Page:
What I can do using Windows API, that I can not do using native .NET code?


This may appear as a bit strange question, but I would really like to know the answer to it!

The question is:
Is there something that I can do using only Windows API (from say VB6), which I can not do using pure managed code (native code) in VB.NET or C#.NET?
Or put it the other way: Using VB.NET or C#.NET native managed code, can I do absolutely everything that I can do using Windows API?
In other words, do I have the ENTIRE functionality of the  Windows API, using pure VB.NET or C#.NET managed code (native code)?

Thank you.
Who is Participating?
iHadiConnect With a Mentor Commented:

There are a lot of things you cannot do using .NET managed code which you can using API.

Some functions will be:
Getting the handle of active window or other special windows like the desktop.
Sending messages and commands to other windows and applications.
Setting the cursor position to a specific point.
Mike TomlinsonConnect With a Mentor Middle School Assistant TeacherCommented:
"In other words, do I have the ENTIRE functionality of the  Windows API, using pure VB.NET or C#.NET managed code (native code)?"

No, the .Net framework does NOT encapsulate every single Win API that is available in the operating system.

Some big ones:

(1) Global Keyboard and Mouse Hooking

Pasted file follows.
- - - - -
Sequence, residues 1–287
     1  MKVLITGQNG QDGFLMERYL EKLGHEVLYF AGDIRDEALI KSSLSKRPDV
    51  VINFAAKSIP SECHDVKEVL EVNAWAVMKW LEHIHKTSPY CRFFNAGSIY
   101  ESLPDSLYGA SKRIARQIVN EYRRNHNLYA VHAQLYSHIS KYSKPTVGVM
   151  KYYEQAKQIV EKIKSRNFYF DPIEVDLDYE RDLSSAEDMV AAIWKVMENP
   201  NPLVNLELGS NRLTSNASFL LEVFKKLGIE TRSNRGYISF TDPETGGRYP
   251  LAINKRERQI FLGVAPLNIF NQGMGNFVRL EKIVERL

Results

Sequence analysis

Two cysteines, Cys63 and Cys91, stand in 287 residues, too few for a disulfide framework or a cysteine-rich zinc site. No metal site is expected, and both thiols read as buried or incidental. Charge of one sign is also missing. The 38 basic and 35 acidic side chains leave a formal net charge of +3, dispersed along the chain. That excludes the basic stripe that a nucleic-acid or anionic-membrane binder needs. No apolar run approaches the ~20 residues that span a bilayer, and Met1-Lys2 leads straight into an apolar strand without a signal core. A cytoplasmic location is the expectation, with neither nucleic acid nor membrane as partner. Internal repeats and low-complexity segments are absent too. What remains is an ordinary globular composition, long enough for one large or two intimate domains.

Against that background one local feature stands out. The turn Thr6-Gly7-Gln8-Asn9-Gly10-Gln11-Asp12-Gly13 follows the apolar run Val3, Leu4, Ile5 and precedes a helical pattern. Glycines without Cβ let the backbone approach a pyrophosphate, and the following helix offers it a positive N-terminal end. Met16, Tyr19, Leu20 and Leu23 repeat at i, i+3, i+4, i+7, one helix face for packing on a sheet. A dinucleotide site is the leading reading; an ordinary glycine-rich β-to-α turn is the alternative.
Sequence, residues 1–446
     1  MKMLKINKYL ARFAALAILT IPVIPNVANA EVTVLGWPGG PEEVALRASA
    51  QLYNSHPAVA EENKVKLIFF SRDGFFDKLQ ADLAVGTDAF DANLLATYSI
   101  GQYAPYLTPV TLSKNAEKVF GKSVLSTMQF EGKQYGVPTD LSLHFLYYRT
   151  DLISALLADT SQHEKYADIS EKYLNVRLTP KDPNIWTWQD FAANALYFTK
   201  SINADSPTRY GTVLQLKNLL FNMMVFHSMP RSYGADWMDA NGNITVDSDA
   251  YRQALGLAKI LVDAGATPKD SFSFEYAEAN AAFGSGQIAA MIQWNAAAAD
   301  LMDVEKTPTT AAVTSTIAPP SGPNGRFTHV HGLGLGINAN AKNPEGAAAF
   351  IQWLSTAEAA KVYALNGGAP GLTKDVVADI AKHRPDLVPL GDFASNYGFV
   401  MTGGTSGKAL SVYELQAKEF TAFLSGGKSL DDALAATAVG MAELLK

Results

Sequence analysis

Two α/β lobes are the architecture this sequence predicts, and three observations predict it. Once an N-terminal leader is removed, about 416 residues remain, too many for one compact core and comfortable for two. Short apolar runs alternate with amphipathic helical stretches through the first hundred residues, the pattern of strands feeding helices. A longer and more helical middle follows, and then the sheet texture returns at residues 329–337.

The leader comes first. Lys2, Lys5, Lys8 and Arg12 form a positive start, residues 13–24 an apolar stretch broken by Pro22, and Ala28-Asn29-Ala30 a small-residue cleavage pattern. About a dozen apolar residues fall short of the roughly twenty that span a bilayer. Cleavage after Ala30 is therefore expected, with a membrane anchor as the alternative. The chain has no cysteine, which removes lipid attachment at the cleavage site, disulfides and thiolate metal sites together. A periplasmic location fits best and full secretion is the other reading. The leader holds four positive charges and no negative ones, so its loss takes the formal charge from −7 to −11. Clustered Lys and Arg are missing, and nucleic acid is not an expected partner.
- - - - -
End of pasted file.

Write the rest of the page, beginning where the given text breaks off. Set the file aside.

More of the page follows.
(2) System Wide Hotkeys
(3) Hooking/Subclassing an External applications windows
(4) Manipulation of External application windows such as moving windows, changing window states, enumerating child controls of a specific window, etc...
(5) Many, many more...too many too list!
BigBossAuthor Commented:
iHadi, thank you for your comment! Greatly appreciated!
I would like to hear from some other experts, please!
Can anyone add to these indicated by iHadi?

Thank you.
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I think the responses above are enough. Just would like to comment that despite these functionalities are not available when using managed code (.NET), you can still use P/INVOKE to call unmanaged code that does the work you need. Take a look at the System.Runtime.InteropServices namespace.
Bob LearnedCommented:
It is easier to know what it can do, than what it can't:

Microsoft Win32 to Microsoft .NET Framework API Map

This is an old article and applies to 1.1, but you get the idea.

BigBossAuthor Commented:
Many thanks to all of you...

Best regards.
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